At this point in the offseason new GM Chris Ballard has done virtually everything and more to meet any Indianapolis Colts fan’s expectations. He’s brought in some players through free agency such as Johnathan Hankins who can be perceived as impact players, a handful of rotational players as well as some likely to contribute solely on special teams.
Ballard addressed, both, positional needs and landed some who clearly fit the best player available distinction in the draft. He’s also doing work in the front office to bring the Indianapolis Colts’ scouting department to the forefront of the league in order to continue off-season improvement for years to come.
Most of the acquisitions Ballard has taken swings on have been in their 20s with a few exceptions, which is absolutely key to keeping the team younger and is a far better free agency approach than in recent years. Signing old veterans to lengthy, expensive contracts has rarely paid off for the Colts – also with few exceptions.
There is, however, one option still out there who may be worthy of a prove-it style contract that the organization has some familiarity with. Erik Walden, in my eyes, is certainly worth a look at this point.
The Colts moved on from a ton of last year’s roster, and rightly so. In fact, I don’t think most have any issues with Walden being told that the team wouldn’t be offering him a contract for 2017. At the time, I was somewhat on the fence about bringing Walden back, I could see the logic either way.
Now, we have a more complete picture of what the Colts roster offers at the position, and throughout the defensive side of the ball in general. The front seven has been bolstered, no doubt about it, with younger and cheap talent showing the possibility of high returns on very little investment. Again, this is indeed the right way to go about it.
But, despite some additions, the outside linebacker group is a touch thin if you really look at it. Jabaal Sheard, John Simon and Barkevious Mingo were added to an existing group that only featured Akeem Ayers as having previous solid experience in the league. Tarell Basham was added through the draft, yet he’s actually listed as a defensive end on the roster which poses the question of where the Colts actually see him contributing.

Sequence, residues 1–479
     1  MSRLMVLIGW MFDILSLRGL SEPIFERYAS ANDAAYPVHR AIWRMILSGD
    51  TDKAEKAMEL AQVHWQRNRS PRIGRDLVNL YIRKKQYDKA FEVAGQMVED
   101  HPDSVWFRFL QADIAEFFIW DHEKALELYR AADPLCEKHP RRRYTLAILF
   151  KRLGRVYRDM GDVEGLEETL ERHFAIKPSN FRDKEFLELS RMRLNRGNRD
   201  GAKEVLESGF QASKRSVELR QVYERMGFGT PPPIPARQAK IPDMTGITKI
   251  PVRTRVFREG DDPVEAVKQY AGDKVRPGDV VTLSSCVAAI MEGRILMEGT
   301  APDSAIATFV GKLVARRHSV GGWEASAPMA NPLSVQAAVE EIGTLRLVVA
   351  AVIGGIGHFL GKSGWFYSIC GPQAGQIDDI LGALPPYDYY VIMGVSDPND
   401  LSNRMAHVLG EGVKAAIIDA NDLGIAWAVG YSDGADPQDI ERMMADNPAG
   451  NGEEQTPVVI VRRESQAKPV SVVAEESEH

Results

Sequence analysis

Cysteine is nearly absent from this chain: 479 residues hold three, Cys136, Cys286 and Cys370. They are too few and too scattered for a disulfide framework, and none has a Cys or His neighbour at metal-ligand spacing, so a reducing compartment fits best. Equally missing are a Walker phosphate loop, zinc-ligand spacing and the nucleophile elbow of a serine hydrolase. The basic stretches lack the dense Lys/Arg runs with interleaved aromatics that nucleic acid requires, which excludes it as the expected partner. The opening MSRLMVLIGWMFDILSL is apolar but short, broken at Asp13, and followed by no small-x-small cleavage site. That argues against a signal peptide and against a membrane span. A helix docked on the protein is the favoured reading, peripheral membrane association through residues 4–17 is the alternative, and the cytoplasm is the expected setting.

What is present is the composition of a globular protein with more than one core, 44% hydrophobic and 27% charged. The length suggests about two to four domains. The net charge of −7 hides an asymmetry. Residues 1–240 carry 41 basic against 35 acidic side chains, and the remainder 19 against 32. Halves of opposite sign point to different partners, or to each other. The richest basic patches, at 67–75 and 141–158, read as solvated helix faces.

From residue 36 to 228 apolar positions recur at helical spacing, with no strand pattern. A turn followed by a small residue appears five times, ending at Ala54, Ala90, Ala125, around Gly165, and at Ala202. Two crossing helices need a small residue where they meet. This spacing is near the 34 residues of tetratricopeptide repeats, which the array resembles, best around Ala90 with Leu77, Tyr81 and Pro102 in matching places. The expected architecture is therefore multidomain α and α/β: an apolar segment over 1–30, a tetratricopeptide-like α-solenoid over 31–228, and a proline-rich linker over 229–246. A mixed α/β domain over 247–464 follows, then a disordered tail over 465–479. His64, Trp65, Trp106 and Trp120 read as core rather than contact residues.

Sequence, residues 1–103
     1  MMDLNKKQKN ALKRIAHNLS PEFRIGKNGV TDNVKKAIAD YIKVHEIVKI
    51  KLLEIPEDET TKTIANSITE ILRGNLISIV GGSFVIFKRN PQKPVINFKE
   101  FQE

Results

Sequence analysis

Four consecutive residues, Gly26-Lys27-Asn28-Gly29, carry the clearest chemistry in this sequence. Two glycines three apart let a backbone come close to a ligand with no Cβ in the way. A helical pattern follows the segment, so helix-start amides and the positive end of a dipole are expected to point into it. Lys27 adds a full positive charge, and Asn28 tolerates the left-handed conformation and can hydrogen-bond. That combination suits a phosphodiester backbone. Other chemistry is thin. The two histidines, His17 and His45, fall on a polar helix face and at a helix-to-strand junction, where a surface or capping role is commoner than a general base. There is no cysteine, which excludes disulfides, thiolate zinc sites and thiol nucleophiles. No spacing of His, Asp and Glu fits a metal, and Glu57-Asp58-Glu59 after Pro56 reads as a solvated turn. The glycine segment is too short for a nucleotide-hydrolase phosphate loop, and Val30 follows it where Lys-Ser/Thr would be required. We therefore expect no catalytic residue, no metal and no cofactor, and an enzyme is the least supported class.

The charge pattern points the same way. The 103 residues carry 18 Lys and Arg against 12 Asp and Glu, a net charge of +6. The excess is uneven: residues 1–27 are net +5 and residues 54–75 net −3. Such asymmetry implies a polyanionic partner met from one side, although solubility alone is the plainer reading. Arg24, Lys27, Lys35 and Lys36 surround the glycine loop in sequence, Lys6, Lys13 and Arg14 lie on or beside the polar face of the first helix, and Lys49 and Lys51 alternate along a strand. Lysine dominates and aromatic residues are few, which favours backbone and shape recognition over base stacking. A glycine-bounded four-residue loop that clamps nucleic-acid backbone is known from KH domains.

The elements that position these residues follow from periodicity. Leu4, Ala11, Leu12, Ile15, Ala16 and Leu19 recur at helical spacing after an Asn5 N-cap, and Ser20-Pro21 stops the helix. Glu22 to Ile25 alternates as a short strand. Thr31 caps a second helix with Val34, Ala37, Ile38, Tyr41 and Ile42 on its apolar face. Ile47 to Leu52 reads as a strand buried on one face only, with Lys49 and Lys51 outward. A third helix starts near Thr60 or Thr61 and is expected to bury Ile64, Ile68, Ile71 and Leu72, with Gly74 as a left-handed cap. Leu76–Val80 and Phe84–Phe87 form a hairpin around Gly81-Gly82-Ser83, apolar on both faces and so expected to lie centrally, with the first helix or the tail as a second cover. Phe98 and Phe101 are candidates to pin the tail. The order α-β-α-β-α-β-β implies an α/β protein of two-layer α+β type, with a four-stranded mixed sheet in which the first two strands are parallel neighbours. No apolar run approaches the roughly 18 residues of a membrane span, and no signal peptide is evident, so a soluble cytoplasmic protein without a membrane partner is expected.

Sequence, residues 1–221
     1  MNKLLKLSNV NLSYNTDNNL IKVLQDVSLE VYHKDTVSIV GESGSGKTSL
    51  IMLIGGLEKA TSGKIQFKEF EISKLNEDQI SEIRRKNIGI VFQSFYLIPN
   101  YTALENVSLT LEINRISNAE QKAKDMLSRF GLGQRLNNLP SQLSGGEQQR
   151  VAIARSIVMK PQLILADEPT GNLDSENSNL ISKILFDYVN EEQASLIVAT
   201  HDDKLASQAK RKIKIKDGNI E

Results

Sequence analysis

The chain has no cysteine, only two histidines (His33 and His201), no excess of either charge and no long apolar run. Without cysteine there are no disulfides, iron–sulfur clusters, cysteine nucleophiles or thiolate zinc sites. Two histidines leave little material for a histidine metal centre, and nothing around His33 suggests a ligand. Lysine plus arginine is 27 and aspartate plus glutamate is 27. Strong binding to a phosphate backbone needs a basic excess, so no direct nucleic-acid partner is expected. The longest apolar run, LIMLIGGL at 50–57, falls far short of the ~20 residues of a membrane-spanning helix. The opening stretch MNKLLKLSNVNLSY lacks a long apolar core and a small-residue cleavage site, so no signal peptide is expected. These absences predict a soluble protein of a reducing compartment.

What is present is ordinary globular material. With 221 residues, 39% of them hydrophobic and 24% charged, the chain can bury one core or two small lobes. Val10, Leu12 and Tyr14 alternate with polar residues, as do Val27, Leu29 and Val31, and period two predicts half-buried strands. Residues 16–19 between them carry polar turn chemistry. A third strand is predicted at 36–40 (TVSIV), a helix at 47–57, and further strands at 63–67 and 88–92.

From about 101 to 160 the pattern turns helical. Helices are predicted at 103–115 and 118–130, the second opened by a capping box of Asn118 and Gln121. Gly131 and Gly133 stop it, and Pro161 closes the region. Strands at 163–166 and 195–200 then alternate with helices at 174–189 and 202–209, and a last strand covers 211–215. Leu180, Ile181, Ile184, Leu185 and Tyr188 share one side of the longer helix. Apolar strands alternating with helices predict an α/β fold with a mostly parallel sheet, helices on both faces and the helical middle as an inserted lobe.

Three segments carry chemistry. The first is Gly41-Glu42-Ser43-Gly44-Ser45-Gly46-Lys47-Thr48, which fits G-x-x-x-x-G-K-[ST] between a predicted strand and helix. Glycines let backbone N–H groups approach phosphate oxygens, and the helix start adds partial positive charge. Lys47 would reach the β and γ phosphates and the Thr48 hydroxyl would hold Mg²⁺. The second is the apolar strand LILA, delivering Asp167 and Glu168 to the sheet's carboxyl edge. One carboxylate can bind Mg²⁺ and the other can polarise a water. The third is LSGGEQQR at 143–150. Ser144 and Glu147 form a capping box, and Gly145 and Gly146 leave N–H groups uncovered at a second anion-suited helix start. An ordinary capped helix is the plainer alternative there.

Another rookie Garrett Sickels along with Deiontrez Mount and Lavar Edwards round out the position and shouldn’t make anyone feel as though there’s quality depth by any means. All we’ve heard about Mingo is that he’ll get a chance to compete, but is largely seen as special teams help. Ayers has been injured throughout the summer, so we don’t really know what he can provide despite being one of the more productive guys at the position last season.
So, then, is it realistic that these others make you feel good about the position, especially if an injury pops up at some point with one of the starters? Not me. In fact, this may be the Colts weakest position considering depth from top to bottom.
Plain and simple, Walden is not a risk. He will be 32 next season, but was tied for 8th in the league for sacks last season despite being the exact opposite of a true pass rusher. His 11 sacks were often in the form of coverage sacks, but he was often in the right place at the right time, right? Barreling down the line of scrimmage to make a play when the ball was going in the other direction or the quarterback was climbing the pocket to attempt to run. Doesn’t that at least count for something – having a nose for the ball and understanding the natural progression of the game?
Additionally, Walden offered what Simon said he’d be bringing to the roster when referring to the “nastiness” that’s so necessary in any defense’s makeup. I think I speak for all of us when I say that there’s nothing wrong with a little more mean on a rebuilding defense.
Then you add in the fact that Walden has the familiarity with the scheme, most of the coaches and was truly considered to be a leader in the locker room. The Colts lost a ton of leadership in Mike Adams, D’Qwell Jackson and Robert Mathis in the transition regardless of how you see these player’s performances in 2016.
In no way do I hope for the Colts to start dropping major paper on aging veterans, but a minimal deal with little guaranteed money wouldn’t be a bad thing at this point. The Colts don’t have a ton in cap space at the moment, so they’d have to be creative to open up some money, however, having no depth is an equally big problem for this position in particular going forward for the 2017 season.
Maybe the Colts should give Walden a call.